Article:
CS: Since we’re developing an end-user software suite we cannot tolerate leaving our software at a low level of quality. Of course, there are always bugs and we have ramped up our QA teams and resources significantly over time. QA gets to register the builds, test them at various levels according to the development, localization and QA processes. It also approves and decides whether the builds should be released or not. So to answer your question directly: QA and the QA project play a central role in our development and release process. By the way, it should perhaps be noted that independent contributors outnumber Sun engineers by 10 to 1 inside the QA project.
BN: Would you classify Go-OO as a branch or a fork?
CS: Both. I would have rather liked to answer: a branch, mostly, but some recent developments about Go-OO have obviously changed this situation. What should perhaps be reminded is that Go-OO is a Web site that hosts a concurrent build system to the one existing on the OpenOffice.org web site, called “ooo-build”. This build system has been around for ages. In fact, it’s been used by many Linux distributions that found it more convenient for various reasons (basically, the builds were optimized for Linux).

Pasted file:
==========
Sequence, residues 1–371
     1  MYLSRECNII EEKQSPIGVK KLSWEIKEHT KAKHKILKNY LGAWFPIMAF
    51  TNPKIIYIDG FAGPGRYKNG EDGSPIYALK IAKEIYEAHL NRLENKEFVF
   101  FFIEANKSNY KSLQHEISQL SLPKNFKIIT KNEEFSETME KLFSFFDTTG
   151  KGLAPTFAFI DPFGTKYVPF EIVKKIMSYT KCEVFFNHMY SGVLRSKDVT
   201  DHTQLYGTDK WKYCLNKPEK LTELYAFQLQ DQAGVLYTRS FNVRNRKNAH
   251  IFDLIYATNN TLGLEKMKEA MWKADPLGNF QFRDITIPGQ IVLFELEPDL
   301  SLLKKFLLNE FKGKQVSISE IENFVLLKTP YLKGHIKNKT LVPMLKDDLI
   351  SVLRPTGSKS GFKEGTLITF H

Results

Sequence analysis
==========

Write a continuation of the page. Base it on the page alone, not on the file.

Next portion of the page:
“That furiously looks like someone is ready to fork by diverting and duplicating development resources from the original project.”At the same time, this build system was also used (even by Sun) to test new patches. The common conception here is that while the OpenOffice.org -Sun- build system (simply called “vanilla” for convenience purposes) is sometimes more conservative in that it does not integrate all the patches that fast. The reason for that is simple: QA. The ooo-build does not really test the patches it integrates, while the vanilla build system does. In short, the ooo-build is faster and easier to use, but produces builds that crash more often and have more bugs. You can experience that if you use any *Suse distribution or Ubuntu. Most of the other distributions have gradually stopped using it, precisely because of a certain lack of reliability that was experienced. The OpenOffice.org project now provides OpenOffice.org packages in .rpm, .deb and .tgz formats. We are also looking to improve our packaging on Linux: While straightforward anywhere else, the OpenOffice.org installation is still complex for an inexperienced end-user on Linux.